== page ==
Consequently, you want to monitor a vehicle’s location as well as the whereabouts of a person or item. However, you don’t want to be overt about it. The answer is often a GPS tracker that runs on batteries. They are the most nimble and covert kind of tracker. They may often be put in a console or cubby, magnetically fastened to the bottom of a car or similar metal surface, or both. They can always be tucked away in a pocket or fastened to a bag or other object. All models let you to follow the tracker’s position on a digital map, browse trip records to see where it has been, and get alerts when it enters or exits certain locations (called geofences).
Overall, they don’t monitor driving behaviour as well as plug-in GPS trackers, and they often need weekly battery recharges. However, they are more concealable and portable. All of these trackers demand a monthly or yearly membership cost since they all utilize cellular networks to send their data.
Forbes Wheels evaluated reviews from various reviewers and end users while comparing the features, specifications, and costs of more than a dozen covert GPS trackers. The models chosen below are the best overall for those who wish to track the position of a vehicle, person, or item but are unable to or unwilling to put a device into the OBD-II diagnostic port on the automobile (for that, see our best plug-in GPS trackers). This ranking is based on a product’s performance, subscription costs, upfront cost, and the sorts of notifications it offers.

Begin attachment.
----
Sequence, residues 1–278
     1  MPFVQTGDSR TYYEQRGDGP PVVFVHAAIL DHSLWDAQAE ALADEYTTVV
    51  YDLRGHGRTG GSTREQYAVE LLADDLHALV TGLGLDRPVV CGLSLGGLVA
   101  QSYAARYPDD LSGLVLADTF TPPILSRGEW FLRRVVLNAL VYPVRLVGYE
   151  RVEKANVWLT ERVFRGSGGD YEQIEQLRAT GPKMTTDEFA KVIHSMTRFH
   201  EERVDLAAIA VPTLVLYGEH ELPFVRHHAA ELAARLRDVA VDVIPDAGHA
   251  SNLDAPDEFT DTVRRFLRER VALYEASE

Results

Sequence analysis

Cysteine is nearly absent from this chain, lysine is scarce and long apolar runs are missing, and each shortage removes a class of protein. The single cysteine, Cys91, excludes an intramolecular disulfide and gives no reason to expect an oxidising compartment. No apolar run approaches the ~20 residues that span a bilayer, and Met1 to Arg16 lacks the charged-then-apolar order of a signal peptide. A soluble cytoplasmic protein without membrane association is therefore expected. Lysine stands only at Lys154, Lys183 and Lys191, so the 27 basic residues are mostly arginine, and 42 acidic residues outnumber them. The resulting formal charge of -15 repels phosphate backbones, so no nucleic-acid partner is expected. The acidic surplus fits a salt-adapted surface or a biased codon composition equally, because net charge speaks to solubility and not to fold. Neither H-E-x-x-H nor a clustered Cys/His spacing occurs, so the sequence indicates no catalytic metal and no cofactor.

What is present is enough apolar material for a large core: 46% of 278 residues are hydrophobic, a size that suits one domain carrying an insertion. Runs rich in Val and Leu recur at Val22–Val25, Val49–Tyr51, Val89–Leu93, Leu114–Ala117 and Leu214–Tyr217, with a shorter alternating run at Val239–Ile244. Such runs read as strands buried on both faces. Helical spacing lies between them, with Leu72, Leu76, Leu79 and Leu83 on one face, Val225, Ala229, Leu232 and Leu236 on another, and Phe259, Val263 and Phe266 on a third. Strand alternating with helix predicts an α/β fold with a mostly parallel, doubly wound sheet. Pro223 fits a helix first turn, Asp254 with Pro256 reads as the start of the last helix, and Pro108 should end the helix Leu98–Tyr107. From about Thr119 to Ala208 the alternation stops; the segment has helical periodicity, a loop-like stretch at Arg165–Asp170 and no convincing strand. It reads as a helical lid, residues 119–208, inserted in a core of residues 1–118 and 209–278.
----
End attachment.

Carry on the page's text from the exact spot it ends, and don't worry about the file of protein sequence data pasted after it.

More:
Frequently Asked Questions
How often is a tracker’s data updated?
It’s crucial to understand a tracker’s “refresh rate” or “sample rate,” which is sometimes hidden in the specifications or website material. A faster refresh rate may be beneficial for following a young driver who is inexperienced or an elderly motorist who is at risk, particularly if they are operating their vehicle in hazardous circumstances. Most battery-powered gadgets update the data every 30 to 60 seconds, which is probably acceptable in most circumstances. Some models, however, are upgradeable to update more rapidly. But for trackers that use batteries, the cost of shorter update intervals is a lower battery life.
Use of a GPS tracker on a vehicle is it permitted?
Checking your local laws is usually a good idea since laws differ from state to state. The NCSL (National Conference of State Legislatures) reports that a number of states prohibit placing a tracker in an automobile without the owner’s permission. Several others normally prohibit tracking without the target’s permission. The monitoring of a minor child’s car by a parent or guardian is one example of an exemption. However, according to BrickHouse Security, it is often acceptable to deploy a GPS tracker on any car that you own.